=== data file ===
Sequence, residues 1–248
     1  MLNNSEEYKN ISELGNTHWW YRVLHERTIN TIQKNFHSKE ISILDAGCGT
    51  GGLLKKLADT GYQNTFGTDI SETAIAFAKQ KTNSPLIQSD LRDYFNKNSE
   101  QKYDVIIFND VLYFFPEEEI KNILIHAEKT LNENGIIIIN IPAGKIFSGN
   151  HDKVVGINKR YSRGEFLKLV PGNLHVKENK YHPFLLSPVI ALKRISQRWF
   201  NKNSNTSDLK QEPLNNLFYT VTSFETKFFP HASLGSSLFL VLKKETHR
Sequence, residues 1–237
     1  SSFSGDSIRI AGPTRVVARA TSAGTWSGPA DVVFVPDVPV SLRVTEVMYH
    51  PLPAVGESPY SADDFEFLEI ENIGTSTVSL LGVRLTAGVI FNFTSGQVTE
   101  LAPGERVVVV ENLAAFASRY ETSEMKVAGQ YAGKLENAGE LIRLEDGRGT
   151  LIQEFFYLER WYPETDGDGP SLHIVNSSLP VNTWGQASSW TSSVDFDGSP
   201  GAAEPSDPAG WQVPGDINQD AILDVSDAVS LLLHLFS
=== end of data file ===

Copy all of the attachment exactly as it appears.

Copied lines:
Sequence, residues 1–248
     1  MLNNSEEYKN ISELGNTHWW YRVLHERTIN TIQKNFHSKE ISILDAGCGT
    51  GGLLKKLADT GYQNTFGTDI SETAIAFAKQ KTNSPLIQSD LRDYFNKNSE
   101  QKYDVIIFND VLYFFPEEEI KNILIHAEKT LNENGIIIIN IPAGKIFSGN
   151  HDKVVGINKR YSRGEFLKLV PGNLHVKENK YHPFLLSPVI ALKRISQRWF
   201  NKNSNTSDLK QEPLNNLFYT VTSFETKFFP HASLGSSLFL VLKKETHR
Sequence, residues 1–237
     1  SSFSGDSIRI AGPTRVVARA TSAGTWSGPA DVVFVPDVPV SLRVTEVMYH
    51  PLPAVGESPY SADDFEFLEI ENIGTSTVSL LGVRLTAGVI FNFTSGQVTE
   101  LAPGERVVVV ENLAAFASRY ETSEMKVAGQ YAGKLENAGE LIRLEDGRGT
   151  LIQEFFYLER WYPETDGDGP SLHIVNSSLP VNTWGQASSW TSSVDFDGSP
   201  GAAEPSDPAG WQVPGDINQD AILDVSDAVS LLLHLFS